Gas pipeline opponents protest

About 50 opponents of the proposed natural gas pipeline between Coos Bay and Malin protested today in Medford.

Protesters also focused efforts on stopping proposed "fast track" state legislation that would remove the existing statutory requirement that a pipeline company obtain landowner consent before applying for a state permit to alter the landowner's property.

The Pacific Connector Gas Pipeline, first proposed six years ago, would run 234 miles from the proposed Jordan Cove liquid natural gas facility in Coos Bay, through Coos, Douglas, Jackson, and Klamath counties to a gas hub in Malin where gas would be distributed to the California market.

The pipeline is a project of PG&E Corp., Williams, and Canadian-based Fort Chicago.

But a diverse coalition of opponents to the project say it is unneeded, poses an environmental threat and runs roughshod over private property rights.

Those gathered on East Main Street this afternoon expressed concern over the proposed law that legislators will take up next month. Basically, the legislation would change the definition of "applicant" for removal-fill permits for construction of a highway, road, railway, communication line, power line or pipeline in Oregon. If passed, the bill would allow companies to apply for permits on landowners' property without the owner's knowledge or consent, they say.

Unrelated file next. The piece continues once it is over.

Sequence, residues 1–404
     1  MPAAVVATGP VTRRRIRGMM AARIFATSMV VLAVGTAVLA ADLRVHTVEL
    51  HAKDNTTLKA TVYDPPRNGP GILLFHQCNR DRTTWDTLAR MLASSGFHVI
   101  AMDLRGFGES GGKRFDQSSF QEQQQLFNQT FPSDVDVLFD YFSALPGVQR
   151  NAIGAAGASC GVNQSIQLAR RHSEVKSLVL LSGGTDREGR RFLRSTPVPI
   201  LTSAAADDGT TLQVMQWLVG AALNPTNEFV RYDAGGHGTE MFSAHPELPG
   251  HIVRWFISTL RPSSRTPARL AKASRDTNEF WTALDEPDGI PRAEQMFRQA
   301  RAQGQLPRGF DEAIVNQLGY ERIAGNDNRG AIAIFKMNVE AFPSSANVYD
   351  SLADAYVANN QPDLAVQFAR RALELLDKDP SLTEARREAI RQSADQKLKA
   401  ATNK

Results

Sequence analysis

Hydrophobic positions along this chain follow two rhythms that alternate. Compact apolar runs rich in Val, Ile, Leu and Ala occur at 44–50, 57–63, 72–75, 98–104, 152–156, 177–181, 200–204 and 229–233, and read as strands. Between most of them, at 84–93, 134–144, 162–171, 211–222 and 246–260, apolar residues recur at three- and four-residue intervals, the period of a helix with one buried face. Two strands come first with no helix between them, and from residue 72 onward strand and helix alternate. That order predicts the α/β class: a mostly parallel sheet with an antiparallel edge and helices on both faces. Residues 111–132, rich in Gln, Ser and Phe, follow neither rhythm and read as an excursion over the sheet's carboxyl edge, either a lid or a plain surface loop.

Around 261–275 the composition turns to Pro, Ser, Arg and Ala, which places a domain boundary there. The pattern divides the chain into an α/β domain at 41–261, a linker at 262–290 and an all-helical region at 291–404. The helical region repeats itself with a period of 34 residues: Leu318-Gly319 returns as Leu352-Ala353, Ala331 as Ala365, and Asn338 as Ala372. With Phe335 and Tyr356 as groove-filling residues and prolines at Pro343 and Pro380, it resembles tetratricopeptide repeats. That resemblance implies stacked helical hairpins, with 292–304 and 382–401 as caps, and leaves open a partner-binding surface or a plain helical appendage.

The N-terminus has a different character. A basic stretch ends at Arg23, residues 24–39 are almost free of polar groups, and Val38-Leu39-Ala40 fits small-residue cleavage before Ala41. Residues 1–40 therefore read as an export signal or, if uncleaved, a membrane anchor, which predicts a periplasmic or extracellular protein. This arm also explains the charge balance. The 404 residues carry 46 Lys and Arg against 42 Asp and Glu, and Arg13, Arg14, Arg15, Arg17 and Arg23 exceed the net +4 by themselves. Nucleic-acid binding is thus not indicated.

"This proposed legislation is a direct assault on private property rights of all Oregonians," said Bob Barker, whose Shady Cove property would be affected.

"No individual or company should ever be given the right to apply for a permit to do work on a landowners' property without their knowledge or consent," he added. "I hope our legislators agree that it is wrong for a company to try to change a state law that protects the fundamental rights of property owners and kill this legislation."

He was joined by other property owners, including ranchers and farmers, whose properties would be impacted by the project.

— Paul Fattig

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